Expanding Access to Computer Science in High School

Expanding Access to Computer Science in High School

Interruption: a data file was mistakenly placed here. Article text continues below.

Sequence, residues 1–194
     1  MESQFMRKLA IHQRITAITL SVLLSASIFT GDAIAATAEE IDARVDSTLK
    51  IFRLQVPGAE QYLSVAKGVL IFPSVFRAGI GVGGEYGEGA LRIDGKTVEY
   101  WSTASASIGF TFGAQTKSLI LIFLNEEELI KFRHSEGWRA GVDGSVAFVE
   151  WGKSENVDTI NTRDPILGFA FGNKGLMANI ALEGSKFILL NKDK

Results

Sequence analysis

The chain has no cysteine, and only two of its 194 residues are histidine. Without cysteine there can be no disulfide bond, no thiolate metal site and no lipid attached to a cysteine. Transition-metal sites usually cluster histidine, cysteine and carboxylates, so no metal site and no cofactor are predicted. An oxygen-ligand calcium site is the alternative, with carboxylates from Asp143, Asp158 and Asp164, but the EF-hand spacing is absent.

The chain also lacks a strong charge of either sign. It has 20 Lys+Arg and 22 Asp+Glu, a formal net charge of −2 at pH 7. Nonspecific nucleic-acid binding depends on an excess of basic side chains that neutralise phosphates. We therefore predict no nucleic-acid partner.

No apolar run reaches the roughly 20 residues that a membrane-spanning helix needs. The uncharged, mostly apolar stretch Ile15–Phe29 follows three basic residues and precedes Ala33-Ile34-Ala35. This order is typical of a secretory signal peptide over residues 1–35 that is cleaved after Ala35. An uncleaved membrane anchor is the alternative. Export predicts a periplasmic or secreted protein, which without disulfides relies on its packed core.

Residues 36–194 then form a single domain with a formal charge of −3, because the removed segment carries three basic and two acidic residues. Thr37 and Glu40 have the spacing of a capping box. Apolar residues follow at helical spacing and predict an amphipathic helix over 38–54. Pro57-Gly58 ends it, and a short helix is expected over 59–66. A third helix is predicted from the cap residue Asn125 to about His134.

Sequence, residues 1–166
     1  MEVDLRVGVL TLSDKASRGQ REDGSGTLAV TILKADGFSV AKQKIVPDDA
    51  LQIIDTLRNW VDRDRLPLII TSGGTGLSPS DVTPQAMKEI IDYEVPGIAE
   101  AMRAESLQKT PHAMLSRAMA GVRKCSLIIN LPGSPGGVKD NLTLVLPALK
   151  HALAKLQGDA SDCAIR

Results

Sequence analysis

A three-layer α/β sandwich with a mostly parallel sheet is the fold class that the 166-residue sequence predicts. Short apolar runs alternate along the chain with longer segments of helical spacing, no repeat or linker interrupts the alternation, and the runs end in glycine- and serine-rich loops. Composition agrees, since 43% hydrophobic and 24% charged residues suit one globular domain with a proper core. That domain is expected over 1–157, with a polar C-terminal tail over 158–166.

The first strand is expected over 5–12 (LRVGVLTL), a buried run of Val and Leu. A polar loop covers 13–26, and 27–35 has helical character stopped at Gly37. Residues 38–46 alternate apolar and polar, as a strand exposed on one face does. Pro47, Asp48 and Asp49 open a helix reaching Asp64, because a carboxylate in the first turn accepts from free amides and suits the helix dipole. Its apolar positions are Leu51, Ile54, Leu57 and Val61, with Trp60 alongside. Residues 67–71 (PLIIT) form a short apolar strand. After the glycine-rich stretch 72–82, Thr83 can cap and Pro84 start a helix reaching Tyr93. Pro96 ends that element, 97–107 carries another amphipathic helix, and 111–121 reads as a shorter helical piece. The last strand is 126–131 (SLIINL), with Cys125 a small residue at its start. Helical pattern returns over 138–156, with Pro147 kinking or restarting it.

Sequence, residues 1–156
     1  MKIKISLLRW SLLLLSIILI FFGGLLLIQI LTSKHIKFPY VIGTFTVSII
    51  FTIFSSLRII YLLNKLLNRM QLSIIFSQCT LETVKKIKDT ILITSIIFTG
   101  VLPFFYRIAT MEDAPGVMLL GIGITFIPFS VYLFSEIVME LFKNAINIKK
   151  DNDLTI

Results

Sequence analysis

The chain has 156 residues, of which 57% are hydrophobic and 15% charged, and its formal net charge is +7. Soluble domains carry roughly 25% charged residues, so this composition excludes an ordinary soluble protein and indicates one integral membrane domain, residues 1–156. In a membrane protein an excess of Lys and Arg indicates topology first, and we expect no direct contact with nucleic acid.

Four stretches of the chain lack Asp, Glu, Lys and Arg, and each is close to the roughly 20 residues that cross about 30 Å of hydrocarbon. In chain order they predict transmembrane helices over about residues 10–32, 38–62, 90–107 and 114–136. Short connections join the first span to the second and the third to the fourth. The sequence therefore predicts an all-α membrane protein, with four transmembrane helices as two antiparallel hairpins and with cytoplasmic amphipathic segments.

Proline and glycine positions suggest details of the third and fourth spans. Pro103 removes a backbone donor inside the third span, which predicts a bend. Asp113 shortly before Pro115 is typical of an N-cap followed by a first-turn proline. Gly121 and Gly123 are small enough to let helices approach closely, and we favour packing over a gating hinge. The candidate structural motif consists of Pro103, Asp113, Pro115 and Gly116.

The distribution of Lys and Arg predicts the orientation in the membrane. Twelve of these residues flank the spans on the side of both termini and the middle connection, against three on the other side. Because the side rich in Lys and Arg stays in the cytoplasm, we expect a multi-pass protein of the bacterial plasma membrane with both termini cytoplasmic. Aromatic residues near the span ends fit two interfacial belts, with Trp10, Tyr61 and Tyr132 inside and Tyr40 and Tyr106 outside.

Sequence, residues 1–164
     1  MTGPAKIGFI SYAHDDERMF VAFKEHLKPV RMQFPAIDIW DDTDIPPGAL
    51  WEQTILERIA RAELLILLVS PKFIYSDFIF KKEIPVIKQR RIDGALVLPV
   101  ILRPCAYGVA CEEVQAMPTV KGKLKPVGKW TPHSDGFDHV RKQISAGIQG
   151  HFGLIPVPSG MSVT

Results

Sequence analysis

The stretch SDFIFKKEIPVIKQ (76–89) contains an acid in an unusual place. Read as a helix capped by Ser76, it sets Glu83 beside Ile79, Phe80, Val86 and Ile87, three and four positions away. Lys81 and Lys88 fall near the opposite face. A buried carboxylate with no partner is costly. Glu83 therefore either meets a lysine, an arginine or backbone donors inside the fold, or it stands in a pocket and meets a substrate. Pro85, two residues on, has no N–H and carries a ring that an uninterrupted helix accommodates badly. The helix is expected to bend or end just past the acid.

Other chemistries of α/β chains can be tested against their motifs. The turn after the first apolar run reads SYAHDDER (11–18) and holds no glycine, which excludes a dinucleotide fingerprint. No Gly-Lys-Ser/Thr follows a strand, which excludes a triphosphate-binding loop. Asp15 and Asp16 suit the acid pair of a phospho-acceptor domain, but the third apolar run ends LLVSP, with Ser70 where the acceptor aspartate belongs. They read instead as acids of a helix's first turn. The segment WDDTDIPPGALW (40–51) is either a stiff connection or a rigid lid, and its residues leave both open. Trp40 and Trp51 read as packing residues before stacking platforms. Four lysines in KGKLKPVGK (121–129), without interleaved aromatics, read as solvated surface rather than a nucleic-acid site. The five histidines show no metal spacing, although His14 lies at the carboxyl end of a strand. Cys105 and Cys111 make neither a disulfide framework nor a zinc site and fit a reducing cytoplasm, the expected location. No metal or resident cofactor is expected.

Expanding access to computer science courses — now available at just one out of 4 high schools – is the focus of several efforts at the state level that complement the President’s Computer Science for All Initiative and the Computer Science Education Coalition. Loretta Goodwin, Senior Director of American Youth Policy Forum, details efforts in Arkansas and Massachusetts that provide useful ideas for others interested in increasing access to computer science in high school. Read more here.  An interesting somewhat counter view comes from Esther Dyson and Lucy N. Friedman of ExpandED Schools, (partner in the NYC STEM Education Network) in a thought-provoking article published by the Washington Post on August 10, entitled Why More STEM Classes Won’t Solve the serious STEM Achievement Gap. They warn that if “an increased focus on STEM comes at the expense of sports and arts and humanities, we all lose,” arguing that low-income children miss out on extra-curricular opportunities to participate in hands-on learning – the arts, sports, civics, and science clubs that spark passion and curiosity, that foster growth mindsets, that provide failures and successes and experiences to learn from.” They say: “We must worry less about kids learning to read code, and more about them learning to read words and read people.”